Page:The Works of Lord Byron (ed. Coleridge, Prothero) - Volume 2.djvu/464

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Our life is a false nature—'tis not in
The harmony of things,—this hard decree,
This uneradicable taint of Sin,
This boundless Upas, this all-blasting tree,
Whose root is Earth—whose leaves and branches be
The skies which rain their plagues on men like dew—
Disease, death, bondage—all the woes we see,
And worse, the woes we see not—which throb through
The immedicable soul,[1] with heart-aches ever new.


Yet let us ponder boldly—'tis a base

Abandonment of reason[2] to resign
  1. [Compare Milton's Samson Agonistes, lines 617-621—

    "My griefs not only pain me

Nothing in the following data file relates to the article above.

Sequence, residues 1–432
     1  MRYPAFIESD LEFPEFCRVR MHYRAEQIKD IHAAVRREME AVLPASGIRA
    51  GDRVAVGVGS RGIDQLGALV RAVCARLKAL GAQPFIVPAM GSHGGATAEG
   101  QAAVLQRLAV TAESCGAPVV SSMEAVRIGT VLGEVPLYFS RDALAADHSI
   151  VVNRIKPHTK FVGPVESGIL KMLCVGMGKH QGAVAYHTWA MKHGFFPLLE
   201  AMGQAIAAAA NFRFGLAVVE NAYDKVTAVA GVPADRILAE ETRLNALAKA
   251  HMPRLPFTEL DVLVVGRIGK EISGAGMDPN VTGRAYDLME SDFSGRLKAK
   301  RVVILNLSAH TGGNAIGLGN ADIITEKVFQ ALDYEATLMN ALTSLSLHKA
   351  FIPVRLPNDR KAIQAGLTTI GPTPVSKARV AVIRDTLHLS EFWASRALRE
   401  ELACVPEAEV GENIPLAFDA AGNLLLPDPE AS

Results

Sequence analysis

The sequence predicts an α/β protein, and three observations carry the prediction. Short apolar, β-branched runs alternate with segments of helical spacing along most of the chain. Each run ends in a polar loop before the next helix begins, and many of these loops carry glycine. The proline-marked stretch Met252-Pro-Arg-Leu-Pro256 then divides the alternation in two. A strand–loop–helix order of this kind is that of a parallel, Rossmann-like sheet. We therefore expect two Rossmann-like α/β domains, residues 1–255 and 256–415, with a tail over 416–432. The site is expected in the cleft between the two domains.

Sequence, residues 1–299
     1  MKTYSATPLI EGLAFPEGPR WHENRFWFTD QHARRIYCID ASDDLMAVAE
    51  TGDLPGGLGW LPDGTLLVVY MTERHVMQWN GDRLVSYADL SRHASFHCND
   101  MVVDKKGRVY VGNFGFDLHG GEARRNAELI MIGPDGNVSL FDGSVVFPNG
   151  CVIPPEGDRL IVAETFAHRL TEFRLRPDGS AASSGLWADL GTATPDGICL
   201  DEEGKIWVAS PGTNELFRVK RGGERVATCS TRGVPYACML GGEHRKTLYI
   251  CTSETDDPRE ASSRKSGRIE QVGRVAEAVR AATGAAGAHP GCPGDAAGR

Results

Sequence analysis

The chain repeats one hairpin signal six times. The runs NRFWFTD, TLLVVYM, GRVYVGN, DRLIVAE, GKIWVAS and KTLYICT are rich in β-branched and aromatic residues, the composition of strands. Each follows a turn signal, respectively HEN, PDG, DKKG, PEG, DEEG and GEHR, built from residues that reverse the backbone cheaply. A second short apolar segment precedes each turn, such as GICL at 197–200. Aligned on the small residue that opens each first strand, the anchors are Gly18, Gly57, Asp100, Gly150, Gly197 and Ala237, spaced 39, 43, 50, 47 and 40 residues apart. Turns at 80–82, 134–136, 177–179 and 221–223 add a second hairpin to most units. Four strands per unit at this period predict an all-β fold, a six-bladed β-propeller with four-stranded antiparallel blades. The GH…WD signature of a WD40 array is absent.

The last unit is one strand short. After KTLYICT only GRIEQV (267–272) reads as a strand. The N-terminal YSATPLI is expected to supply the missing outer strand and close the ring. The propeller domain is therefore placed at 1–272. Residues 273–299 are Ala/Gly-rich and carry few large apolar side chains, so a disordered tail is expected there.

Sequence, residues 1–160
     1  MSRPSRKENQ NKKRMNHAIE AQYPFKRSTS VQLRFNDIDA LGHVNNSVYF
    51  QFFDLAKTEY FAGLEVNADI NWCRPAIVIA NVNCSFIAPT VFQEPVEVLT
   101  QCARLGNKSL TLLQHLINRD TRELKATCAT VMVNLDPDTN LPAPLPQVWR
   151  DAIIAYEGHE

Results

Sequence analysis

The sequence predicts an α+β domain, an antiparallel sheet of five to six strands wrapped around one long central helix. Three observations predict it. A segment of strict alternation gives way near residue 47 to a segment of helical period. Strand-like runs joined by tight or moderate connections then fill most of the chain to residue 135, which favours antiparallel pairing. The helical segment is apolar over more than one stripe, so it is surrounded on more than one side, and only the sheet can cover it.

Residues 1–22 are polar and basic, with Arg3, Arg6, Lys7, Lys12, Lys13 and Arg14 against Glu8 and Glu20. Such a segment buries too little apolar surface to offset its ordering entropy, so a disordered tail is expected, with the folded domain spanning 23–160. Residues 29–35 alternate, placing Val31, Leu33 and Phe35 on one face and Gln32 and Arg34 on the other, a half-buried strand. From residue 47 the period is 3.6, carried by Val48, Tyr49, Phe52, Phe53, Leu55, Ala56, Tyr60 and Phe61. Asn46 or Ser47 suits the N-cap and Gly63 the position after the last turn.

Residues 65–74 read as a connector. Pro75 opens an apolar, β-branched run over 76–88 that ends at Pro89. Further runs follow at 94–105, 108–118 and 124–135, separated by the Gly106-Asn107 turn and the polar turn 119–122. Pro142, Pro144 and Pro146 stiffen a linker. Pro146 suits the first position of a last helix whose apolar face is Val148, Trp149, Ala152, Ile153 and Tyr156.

As a lingering disease,
    But, finding no redress, ferment and rage;
    Nor less than wounds immedicable

  2. "At all events," says the author of the Academical Questions [Sir William Drummond], "I trust, whatever may be the fate of my own speculations, that philosophy will regain that estimation which it ought to possess. The free and philosophic spirit of our nation has been the theme of admiration to the world. This was the proud distinction of Englishmen, and the luminous source of all their glory. Shall we then forget the manly and dignified sentiments of our ancestors, to prate in the language of the mother or the nurse about our good old prejudices? This is not the way to defend the cause of truth. It was not thus that our fathers maintained it in the brilliant periods of our history. Prejudice may be trusted to guard the outworks for a short space of time, while reason slumbers in the citadel; but if the latter sink into a lethargy, the former will quickly erect